Saturday, October 30, 2010


I cannot do this on my own,
So I just want to know,
Will you just leave me stranded here?
Will I have no place to go?

I know your life is difficult,
And trust me I would know,
But don't just leave me stranded here,
With no place to go.

You are the light that shines within me,
The reason I stay strong,
But please don't ever abandon me,
I cannot do this on my own.

So let's build life back together again,
One by one,
I will never leave you here,
Stranded here on your own.

*Dedicated to Daisy Flores R. I. P*

Wednesday, October 27, 2010

Spreading Social Awareness Reflection

People believe that crime arises from poverty. People who don’t exactly have all the neccesities of a well upbringing are more likely to commit crimes or be involved in them. In the Bronx, a young teenager was killed, and no one knows who commited the murder. The area is a very poor one, but her neighbors stated that she was never the kind of girl to go looking for problems and was a good student.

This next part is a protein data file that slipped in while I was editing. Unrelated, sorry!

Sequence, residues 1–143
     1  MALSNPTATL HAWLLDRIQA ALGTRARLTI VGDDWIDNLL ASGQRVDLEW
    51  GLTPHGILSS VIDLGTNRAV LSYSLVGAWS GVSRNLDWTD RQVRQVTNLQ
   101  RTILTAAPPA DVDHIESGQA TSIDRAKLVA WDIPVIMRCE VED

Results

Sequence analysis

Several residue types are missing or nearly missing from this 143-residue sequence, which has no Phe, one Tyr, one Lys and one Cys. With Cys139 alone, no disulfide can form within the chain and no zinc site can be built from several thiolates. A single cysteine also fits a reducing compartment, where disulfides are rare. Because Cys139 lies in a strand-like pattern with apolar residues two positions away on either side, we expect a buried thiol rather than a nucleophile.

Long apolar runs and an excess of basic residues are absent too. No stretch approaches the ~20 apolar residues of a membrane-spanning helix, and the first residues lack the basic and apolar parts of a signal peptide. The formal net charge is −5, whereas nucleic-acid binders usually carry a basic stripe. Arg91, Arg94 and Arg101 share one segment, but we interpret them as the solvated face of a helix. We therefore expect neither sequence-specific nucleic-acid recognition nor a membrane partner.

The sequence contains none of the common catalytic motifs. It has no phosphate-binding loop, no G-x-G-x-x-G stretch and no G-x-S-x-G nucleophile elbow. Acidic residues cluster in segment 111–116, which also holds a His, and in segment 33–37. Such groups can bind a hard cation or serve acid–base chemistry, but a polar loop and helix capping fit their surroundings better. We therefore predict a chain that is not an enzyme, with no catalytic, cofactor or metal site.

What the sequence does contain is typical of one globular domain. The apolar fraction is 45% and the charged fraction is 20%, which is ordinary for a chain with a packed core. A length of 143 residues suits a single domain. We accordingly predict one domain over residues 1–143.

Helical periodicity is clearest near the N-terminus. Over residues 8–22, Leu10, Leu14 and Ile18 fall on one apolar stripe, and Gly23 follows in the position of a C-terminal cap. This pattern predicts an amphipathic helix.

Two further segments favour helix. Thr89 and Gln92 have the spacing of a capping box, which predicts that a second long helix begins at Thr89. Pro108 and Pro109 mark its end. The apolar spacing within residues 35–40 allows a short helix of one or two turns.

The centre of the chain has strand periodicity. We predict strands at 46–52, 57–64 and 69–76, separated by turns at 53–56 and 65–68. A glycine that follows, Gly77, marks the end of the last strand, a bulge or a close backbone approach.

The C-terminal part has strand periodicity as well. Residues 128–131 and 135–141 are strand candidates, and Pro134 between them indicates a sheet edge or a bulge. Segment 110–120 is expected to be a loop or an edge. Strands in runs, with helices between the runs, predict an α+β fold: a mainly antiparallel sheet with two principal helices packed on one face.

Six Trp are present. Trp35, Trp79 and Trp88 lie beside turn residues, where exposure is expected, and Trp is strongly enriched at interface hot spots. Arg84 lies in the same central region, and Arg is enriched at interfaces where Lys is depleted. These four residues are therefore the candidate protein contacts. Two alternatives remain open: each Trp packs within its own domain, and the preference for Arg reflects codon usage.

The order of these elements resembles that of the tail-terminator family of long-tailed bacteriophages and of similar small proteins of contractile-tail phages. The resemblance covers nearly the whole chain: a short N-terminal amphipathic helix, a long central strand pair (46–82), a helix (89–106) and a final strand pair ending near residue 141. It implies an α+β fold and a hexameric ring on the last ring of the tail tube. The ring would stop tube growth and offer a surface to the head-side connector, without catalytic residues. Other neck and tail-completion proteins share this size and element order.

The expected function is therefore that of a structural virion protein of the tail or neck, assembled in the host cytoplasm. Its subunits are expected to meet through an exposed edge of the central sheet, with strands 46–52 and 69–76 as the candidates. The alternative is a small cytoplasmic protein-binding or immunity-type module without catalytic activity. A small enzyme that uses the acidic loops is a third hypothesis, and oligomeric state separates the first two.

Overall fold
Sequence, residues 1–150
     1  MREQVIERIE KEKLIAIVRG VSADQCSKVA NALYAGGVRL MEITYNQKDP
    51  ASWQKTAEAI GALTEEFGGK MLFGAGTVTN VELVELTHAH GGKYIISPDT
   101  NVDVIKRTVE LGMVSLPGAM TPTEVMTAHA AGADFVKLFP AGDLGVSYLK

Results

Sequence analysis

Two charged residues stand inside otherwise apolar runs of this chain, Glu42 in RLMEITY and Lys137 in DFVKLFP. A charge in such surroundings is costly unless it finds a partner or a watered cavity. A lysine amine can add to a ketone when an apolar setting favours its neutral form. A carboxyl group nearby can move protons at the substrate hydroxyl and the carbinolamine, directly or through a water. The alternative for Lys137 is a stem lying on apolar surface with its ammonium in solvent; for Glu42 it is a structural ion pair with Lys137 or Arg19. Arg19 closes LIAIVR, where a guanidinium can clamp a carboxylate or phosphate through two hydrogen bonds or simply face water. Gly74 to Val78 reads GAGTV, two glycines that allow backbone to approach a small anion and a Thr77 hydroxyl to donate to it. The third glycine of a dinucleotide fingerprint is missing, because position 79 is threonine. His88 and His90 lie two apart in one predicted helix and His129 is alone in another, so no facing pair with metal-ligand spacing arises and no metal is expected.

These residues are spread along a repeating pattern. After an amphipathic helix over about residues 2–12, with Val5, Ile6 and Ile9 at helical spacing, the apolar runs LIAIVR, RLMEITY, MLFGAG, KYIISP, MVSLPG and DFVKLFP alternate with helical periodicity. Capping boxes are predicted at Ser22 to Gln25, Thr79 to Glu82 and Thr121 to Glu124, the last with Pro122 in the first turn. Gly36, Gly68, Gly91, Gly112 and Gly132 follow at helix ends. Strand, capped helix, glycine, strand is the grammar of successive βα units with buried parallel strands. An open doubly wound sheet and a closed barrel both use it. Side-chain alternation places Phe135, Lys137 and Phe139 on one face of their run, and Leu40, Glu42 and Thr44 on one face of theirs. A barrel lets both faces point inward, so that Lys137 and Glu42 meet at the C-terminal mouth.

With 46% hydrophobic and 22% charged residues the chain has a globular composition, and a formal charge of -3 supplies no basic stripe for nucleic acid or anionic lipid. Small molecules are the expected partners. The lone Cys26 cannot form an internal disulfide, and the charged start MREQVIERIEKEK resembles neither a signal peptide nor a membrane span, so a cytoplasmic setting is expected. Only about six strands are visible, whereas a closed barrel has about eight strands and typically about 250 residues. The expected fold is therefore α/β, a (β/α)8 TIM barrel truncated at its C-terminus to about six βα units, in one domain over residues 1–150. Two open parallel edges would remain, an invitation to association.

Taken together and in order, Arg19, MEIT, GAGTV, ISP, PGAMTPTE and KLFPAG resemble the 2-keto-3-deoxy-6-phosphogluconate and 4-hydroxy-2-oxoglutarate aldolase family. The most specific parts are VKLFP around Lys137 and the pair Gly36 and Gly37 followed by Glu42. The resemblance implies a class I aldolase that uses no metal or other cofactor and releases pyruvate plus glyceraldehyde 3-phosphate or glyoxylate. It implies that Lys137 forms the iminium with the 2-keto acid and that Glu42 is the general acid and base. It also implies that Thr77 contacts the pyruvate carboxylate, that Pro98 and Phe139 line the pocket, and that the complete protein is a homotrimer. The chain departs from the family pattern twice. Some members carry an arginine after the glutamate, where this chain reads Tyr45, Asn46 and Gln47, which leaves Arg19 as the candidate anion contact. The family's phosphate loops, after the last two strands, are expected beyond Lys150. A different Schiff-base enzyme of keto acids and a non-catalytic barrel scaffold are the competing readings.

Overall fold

The fact that she was a teenage girl in high school upsets me because she was killed so young. But what does this say about us New Yorkers? While I live in a great part of the city, others don’t, and instead they are dealing with the possibility of being involved in crimes on a daily basis. I think that the elected officials of that community should try and look for a solution for the crimes committed. If they had been pro-active Luzbenet Ramirez might have still been alive. This opened my eyes to see that a person’s environment could definitely be a huge variable in one’s life, her neighborhood has few security watches and she was living with a couple who wasn’t her family. People have to become more aware of issues like these to prevent future slayings of not only the youth but everyone as well.